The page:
What Needs To Happen To Create A Federal Holiday

In June 2021, President Joe Biden signed an executive order into effect declaring June 19 a federal holiday (via NPR). The bill had passed Congress that month with little pushback. Juneteenth, or the date commemorating the end of slavery two years after the Emancipation Proclamation, had long been celebrated by many as a holiday. How did it now achieve federal status? And what does that even mean?

The president of the United States, as luck would have it, has exclusive jurisdiction over several things: the nuclear button, the color of the curtains in the Oval Office, and the establishment of each year's federal holidays — temporarily, at least. Any president can sign an executive order declaring a date a federal holiday on a temporary basis. George W. Bush did just that in 2004 with his impromptu canonization of Ronald Reagan's birthday, according to Slate. To make it permanent, however, Congress must hold a vote and rule whether or not to amend the United States' existing code of federal holidays, a roster with no more than 11 dates as of this year (via U.S. Code § 6103 – Holidays).

States Can Have their Own Holidays

What is a federal holiday? Celebration is hardly an American attribute government-made to dispense, but time away from your job at a federal office to engage in celebration is within the government's power. The Federal Reserve Bank explains that federal holidays mandate closings of federal offices (and most banks) and the activation of holiday pay for the employees who work there. The same isn't true for states, however. A federal holiday might close every federal bank in Virginia, for example, but unless Virginia's state government also chooses to recognize that holiday, the state government's agencies remain open.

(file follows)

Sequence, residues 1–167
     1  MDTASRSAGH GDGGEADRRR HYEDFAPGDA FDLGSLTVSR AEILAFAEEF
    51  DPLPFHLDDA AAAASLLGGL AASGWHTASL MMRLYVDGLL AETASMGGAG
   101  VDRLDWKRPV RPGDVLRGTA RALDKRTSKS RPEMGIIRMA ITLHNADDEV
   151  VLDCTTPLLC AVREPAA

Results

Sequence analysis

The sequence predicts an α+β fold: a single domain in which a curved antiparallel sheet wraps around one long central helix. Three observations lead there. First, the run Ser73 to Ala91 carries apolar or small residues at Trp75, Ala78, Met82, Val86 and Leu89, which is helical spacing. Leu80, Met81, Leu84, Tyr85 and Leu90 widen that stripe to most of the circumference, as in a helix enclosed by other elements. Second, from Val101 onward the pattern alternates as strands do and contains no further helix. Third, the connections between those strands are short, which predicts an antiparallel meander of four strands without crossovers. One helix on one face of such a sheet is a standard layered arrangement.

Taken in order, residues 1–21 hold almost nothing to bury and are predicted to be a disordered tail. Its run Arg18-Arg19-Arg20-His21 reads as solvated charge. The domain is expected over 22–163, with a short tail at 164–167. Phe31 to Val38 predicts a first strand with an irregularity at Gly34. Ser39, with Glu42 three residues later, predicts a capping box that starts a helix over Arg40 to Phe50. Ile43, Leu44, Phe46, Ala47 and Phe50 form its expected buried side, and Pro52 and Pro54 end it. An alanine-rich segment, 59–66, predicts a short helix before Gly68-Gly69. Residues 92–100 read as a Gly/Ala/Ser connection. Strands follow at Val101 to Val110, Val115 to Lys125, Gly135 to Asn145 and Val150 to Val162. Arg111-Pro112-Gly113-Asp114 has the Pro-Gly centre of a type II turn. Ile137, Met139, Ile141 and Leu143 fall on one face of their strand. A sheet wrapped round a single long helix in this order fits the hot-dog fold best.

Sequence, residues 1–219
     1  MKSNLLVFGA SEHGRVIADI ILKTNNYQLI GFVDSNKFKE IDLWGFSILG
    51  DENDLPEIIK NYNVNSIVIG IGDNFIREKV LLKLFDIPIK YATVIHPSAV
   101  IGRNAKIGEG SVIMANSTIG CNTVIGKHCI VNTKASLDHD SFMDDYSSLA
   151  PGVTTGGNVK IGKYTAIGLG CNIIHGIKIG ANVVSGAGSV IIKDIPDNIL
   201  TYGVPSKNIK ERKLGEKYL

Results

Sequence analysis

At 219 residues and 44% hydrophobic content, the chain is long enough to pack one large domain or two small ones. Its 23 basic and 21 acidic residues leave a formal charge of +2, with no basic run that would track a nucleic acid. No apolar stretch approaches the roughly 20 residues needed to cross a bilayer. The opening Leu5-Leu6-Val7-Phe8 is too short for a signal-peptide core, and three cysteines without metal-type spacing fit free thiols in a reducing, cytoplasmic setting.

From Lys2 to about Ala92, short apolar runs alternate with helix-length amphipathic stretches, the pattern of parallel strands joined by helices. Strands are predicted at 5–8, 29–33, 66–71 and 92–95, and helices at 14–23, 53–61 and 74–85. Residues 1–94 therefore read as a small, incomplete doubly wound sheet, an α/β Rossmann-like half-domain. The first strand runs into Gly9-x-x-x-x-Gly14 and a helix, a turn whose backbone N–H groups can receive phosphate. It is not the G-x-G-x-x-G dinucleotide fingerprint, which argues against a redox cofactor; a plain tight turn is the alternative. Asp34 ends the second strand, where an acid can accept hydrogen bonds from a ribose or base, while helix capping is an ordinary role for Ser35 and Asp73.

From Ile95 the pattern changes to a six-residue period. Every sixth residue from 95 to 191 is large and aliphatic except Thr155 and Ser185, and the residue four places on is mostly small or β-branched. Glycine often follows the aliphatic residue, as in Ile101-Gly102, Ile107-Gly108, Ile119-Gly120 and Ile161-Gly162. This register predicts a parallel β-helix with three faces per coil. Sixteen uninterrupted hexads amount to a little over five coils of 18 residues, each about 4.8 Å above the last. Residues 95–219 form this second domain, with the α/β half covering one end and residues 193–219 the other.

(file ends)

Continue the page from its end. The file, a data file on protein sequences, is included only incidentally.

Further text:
Just as states can ignore federal holidays, states can also create brand new holidays all their own without waiting for the approval of the federal government. For example, Juneteenth has been a state-sanctioned holiday in Texas since 1980 (via CNN). 

Abraham Lincoln's birthday on February 12 is a sacred date in New York and New Jersey, while Alabama celebrates Jefferson Davis's birthday the first Monday in June. Utah celebrates Pioneer Day on July 24, and Alaska celebrates Alaska Day on October 14 each year (via InfoPlease). And finally, neither the state nor the federal government can tell private sector businesses which dates it may or may not operate or close down.

To Become A Federal Holiday, A Bill Must Pass Congress

To create a new federal holiday, a bill must be proposed in Congress, which must then pass both the House and the Senate, then garner the signature of the sitting president. The two most recent successful efforts to amend the federal holiday schedule — the establishment of Juneteenth National Independence Day in 2021 and Martin Luther King, Jr. Day in 1983 — were not the only recent attempts. In 2011, former Rep. John Conyers (D—Mich.) proposed the addition of Election Day to the roster of federal holidays (via Constitution Center), but the movement didn't gain traction. In 2021, Rep. Grace Meng (D-NY) introduced her own proposal to make Lunar New Year Day a federal holiday, but didn't get much success either (via FedSmith). Both triggered talk of the eternal specter of all things government: the budget.

According to Forbes, each federal holiday costs the U.S. government approximately $818 million to observe. FedSmith estimated the actual cost of observing all eleven certified federal holidays could be as high as $8,998,000,000.